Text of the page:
From the Bangor Daily News: Finding history with eels, mud and bogeyman By Tom Weber, NEWS Columnist Resurrecting the scattered pieces of the past, even those as alluring as the remnants of ships lost in the American Revolution, hardly resembles the TV documentaries of treasure hunters hauling glittering jewels and gold bars from the bottom of the sea. It tends instead to be careful, plodding work that begins with meetings of historians and civic leaders who talk strategy, funding, documentation, governmental jurisdiction - pretty dry, unromantic stuff, to be sure, but critical to the archaeological process. Such was the case this week when 60 or so people met in Bangor to discuss the first stage of locating and mapping the remains of the doomed American naval fleet chased by the British in the Penobscot River in 1779. Called the Penobscot Expedition, it was one of the worst military disasters in U.S. history, a strategic blunder that ended when about 40 ships were sunk by the British fleet or scuttled by their own desperate crews. Experts believe that about 10 of those wrecks lie at the bottom of the Penobscot, between Bangor and Brewer. Yet actually bringing the artifacts to the surface for all to see, they caution, is a complicated endeavor that could take a few years. For Peter Bell, however, the evidence of those legendary ships is not confined just to the pages of history books. As an amateur scuba diver, he is one of the few to have visited the historic hulks in the nearly impenetrable darkness of the river. With his hands he has traced the outlines of their huge, squared timbers, and with his imagination he has reassembled the once-sturdy warships from the jumble of centuries-old wood. "Diving on a site is like opening a vault,'' said Bell, a computer technician from Hermon and one of a handful of divers at Monday's planning session. Bell started diving as a hobby in 1980, mostly exploring World War II ships off the coast of his native New Jersey. When he moved to Maine in 1986, he combined his interests in diving and history and headed for the Penobscot River. "I'd known about the Penobscot Expedition since my school days, and here was the scene of it, practically in my own back yard,'' he said. "I wanted to find the site of the Warren, the flagship of the Continental fleet.'' His research led him to Winterport, and an old cellar hole believed to have been the site of a house built by the Warren's medical officer, John Le Baron. After Le Baron fled his sinking vessel, Bell said, he settled in Winterport and became the town's first doctor. The death of the doctor's fiancee is marked by a small gravestone at the site, which reads: "Jane P. Goodwin, consort of Dr. John Le Baron.'' Bell, guessing that the doctor might have made his home close to where his ship went down, then took his research underwater. "It was like diving in pea soup - black pea soup,'' he said. "I had a couple of high-powered lights, but it was creepy down there, with the mud and the eels. It was like diving with the bogeyman.'' His first dive turned up nothing. The next day, however, he found a large timber on the bottom, then another. In subsequent dives, he strung lines from one timber to the next, eventually weaving them all in a loose, gridlike interpretation of a hull he believes is the Warren's. "A lot of people think you just go down and see a hull on the bottom, but that's not the way it is,'' said Bell. "The hulls have been scoured by ice and stuff, and cut in half and collapsed, so to most people they would look like piles of timber.'' Bell had already explored a couple of other local sites from the 1779 fleet when Warren Riess, a marine archaeologist from the University of Maine's Darling Center, arrived in 1992 with a U.S. Navy team to find the flagship vessel. "I told them I knew where the Warren was, but they didn't believe me at first,'' Bell said with a shrug. "So they spent the $50,000 Navy grant towing the sonar up and down and right by the Warren. At the end of the summer, they came and asked me to take them to site. And when they dove on it, they were like kids in a candy store.'' Like fellow diver Brent Phinney of Brewer, who has been busily exploring a wreck site of his own recently, Bell has continued to dive in the inky blackness in search of history. He said he now knows of three other ship sites in the river, although he would prefer to keep that information to himself for a while. In the meantime, he hopes the ambitious new mapping venture that was kicked off this week really does get off the ground and into the water one day. If it does, Bell would like to be right down there in the creepy depths of it all, with the mud and the eels and the bogeyman for company. "It's like a window on the beginnings of this country,'' he said. "Not everyone gets the chance to physically put their hands on something so important. Being down there really makes American history come to life.''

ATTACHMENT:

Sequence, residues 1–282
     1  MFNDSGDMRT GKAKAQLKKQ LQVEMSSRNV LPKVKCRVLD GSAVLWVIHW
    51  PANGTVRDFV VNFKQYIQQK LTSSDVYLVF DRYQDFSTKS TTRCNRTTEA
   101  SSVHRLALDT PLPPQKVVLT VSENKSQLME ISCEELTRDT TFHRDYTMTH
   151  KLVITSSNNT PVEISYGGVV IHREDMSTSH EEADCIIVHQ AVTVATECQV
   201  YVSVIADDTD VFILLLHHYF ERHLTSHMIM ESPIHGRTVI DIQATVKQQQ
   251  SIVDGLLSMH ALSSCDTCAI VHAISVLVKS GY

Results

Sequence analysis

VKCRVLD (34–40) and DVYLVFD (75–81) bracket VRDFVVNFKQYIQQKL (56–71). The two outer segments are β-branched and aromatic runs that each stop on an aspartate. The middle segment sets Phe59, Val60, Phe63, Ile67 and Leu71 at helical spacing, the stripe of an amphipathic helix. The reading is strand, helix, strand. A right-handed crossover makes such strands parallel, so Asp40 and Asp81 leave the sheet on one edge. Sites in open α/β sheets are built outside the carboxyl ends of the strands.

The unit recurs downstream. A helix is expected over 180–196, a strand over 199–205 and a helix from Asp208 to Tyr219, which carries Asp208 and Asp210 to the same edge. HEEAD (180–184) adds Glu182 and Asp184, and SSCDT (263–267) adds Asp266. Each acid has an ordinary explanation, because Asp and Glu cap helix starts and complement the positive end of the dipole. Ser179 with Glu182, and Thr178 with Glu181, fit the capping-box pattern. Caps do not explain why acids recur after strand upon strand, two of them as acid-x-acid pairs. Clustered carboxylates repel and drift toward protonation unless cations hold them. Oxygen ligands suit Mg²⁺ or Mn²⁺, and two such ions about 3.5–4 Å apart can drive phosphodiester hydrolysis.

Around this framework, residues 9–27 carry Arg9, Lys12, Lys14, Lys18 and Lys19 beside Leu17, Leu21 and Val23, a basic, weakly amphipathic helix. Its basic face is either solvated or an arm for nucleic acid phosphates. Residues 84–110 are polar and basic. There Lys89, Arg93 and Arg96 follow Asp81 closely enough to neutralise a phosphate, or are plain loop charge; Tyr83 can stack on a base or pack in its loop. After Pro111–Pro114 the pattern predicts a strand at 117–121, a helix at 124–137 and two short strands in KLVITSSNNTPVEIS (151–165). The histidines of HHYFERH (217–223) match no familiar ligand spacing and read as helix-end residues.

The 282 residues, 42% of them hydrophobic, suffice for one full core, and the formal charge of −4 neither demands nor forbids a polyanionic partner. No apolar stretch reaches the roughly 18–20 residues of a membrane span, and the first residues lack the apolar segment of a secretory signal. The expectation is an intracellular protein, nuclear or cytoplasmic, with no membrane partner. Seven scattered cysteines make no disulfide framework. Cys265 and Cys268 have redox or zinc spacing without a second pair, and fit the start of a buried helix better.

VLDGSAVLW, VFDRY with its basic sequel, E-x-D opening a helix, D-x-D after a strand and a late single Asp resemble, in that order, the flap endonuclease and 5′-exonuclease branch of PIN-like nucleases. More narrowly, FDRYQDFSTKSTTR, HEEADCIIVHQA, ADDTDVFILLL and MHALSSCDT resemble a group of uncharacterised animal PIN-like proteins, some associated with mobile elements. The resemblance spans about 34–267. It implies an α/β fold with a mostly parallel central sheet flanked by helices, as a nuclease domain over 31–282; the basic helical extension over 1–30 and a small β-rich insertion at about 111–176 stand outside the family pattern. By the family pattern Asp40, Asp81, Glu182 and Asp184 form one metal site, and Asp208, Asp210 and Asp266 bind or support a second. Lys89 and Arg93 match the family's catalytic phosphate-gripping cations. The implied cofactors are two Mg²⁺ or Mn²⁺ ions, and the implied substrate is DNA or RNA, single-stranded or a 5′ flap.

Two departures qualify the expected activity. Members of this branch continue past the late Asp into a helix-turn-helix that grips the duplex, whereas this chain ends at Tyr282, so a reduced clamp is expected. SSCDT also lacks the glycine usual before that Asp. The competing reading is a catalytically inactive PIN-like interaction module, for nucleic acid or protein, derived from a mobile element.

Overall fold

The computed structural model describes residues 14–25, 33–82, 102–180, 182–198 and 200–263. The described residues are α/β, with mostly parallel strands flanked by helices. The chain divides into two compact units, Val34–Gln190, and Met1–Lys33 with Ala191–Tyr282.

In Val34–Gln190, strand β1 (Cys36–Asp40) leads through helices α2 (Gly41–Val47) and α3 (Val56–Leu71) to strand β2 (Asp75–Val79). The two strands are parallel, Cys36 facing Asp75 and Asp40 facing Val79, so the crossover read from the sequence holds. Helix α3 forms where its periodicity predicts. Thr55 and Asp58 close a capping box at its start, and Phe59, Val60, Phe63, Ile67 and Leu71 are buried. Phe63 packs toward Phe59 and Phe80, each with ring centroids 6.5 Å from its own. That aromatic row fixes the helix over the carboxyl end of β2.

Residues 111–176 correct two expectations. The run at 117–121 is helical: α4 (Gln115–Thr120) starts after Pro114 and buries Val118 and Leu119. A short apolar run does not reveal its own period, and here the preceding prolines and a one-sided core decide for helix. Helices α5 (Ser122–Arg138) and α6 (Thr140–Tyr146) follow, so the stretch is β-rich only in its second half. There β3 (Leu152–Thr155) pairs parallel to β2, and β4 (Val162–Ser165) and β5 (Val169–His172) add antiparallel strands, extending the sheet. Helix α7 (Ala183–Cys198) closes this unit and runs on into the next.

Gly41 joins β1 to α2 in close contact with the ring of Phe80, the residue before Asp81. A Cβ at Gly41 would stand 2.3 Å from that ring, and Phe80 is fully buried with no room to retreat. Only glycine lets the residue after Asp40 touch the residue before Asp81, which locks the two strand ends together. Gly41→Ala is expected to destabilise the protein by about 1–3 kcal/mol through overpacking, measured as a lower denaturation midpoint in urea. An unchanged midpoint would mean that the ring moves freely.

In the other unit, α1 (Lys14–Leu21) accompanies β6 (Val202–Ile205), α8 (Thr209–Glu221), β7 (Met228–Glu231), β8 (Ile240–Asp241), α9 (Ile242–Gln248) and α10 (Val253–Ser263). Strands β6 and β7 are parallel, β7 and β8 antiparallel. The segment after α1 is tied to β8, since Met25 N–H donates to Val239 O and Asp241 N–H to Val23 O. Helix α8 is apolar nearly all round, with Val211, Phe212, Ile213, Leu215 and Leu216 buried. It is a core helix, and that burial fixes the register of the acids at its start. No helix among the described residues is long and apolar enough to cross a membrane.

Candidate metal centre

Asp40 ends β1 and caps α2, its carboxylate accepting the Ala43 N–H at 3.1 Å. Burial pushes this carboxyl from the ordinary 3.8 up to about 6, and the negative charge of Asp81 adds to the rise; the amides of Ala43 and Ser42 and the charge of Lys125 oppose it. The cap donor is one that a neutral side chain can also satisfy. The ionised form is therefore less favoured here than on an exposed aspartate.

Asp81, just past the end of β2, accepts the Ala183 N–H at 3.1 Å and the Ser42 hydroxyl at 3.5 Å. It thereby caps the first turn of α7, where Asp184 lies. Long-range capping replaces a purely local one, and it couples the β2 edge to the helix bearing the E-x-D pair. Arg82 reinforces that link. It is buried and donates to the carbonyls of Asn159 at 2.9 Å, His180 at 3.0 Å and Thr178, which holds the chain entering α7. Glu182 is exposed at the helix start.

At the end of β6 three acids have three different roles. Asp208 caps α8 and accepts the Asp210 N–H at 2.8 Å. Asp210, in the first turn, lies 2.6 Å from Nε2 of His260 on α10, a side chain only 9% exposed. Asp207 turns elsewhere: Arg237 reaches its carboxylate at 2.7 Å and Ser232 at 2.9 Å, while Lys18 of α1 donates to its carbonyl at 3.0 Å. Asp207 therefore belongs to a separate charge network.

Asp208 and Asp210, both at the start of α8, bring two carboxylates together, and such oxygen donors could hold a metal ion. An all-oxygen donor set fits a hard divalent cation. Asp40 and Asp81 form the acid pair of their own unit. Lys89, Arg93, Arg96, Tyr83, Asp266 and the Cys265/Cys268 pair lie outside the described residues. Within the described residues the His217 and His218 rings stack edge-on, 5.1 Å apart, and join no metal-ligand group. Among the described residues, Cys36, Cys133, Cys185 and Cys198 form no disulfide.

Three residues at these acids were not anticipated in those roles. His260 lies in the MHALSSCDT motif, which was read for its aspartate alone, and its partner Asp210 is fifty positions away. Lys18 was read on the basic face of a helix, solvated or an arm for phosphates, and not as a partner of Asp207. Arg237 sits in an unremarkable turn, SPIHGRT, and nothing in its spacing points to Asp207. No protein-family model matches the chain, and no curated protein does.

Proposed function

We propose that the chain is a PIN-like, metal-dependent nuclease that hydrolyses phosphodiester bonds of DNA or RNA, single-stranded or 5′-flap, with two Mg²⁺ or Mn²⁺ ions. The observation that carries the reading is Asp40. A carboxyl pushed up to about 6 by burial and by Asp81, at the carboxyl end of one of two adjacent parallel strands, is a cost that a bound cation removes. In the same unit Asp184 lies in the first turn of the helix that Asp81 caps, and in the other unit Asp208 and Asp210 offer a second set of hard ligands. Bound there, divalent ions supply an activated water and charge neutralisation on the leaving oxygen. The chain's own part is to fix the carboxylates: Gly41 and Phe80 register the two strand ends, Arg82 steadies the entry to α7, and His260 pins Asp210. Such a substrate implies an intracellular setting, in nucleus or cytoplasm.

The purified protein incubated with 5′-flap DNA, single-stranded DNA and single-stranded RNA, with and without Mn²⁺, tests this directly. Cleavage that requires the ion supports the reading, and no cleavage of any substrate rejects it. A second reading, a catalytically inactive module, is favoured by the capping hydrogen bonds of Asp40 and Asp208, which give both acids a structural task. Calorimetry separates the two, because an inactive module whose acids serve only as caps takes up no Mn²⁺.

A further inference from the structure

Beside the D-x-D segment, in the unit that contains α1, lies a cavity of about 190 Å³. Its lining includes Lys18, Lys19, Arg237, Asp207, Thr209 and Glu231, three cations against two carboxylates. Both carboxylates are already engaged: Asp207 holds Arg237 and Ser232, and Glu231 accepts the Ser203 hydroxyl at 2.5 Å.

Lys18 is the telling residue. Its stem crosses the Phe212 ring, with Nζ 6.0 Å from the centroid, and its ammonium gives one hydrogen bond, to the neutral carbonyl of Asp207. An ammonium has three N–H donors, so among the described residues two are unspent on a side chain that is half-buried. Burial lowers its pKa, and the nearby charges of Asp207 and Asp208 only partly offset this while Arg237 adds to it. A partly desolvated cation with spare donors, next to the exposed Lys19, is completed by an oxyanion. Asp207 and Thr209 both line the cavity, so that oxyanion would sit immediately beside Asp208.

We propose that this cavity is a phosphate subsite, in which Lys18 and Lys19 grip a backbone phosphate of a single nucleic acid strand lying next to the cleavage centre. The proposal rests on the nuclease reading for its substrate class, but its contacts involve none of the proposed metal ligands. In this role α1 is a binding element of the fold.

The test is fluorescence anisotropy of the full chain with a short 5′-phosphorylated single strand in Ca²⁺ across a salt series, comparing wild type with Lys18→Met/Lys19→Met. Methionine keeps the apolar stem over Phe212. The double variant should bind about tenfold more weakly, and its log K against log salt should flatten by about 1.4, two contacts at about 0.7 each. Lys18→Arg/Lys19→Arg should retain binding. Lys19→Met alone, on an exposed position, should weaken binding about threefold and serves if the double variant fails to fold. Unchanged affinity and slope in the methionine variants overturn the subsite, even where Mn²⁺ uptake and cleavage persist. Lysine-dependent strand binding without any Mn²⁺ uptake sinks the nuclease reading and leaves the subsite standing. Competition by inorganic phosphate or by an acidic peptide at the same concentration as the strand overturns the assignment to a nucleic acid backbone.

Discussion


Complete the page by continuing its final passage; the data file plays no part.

9th September, 1999

Dear Colin,

This has been a pet project of mine since the end of 1997 that has finally, after many headaches, come to fruition. You may remember that about the middle of last year I sent messages around the net regarding software that was then known as Eureka. A few things have changed since that message, not least of which was going it alone rather than with a partnership as was originally intended.
I feel that software dedicated to the Metal detectorist has been a long time in coming and this program is just the start of many ideas I have for EarthWorks. I have a long list that will be incorporated into the next version, if I get the support from the Metal Detecting community such as, multiple images for each record.
Mail merge the details from any screen into ViText. These two are minor updates that will be incorporated free of charge. There are many more major updates(21 to be precise and also f.o.c. for the first year) that I know will make EarthWorks the premier Metal Detecting software around. Why use EarthWorks when I could use any other database or even spreadsheet style program?
This question is valid, as almost every program I have seen on the Internet is basically a spreadsheet of information. Now there is nothing wrong with that but if you can log your finds that way, why pay out for a 'specialised' piece of software? EarthWorks goes that one step further. It allows you to plot your finds onto any map or photograph etc of your site. This plot is not just a dead image but a link into your finds database. You can at a later date move your mouse over your map, photograph etc and as you pass over each plot a popup window appears telling you what the find was. If you then click on that plot the finds database is opened at the relevant record. You can have as many sites as you wish, there is no limit and each site's map, photograph etc stores its own links into your database. So now you can visually see where you found that coin. You can visually navigate your finds.
There are many other features within EarthWorks that I am sure Metal detectorists everywhere would love to use…… there are many others that I hope to give to you. I am a Metal Detectorist who has looked for such software for the past few years but could not find anything that had what I needed it to do.
Therefore EarthWorks is now born.Our website

Mike Ross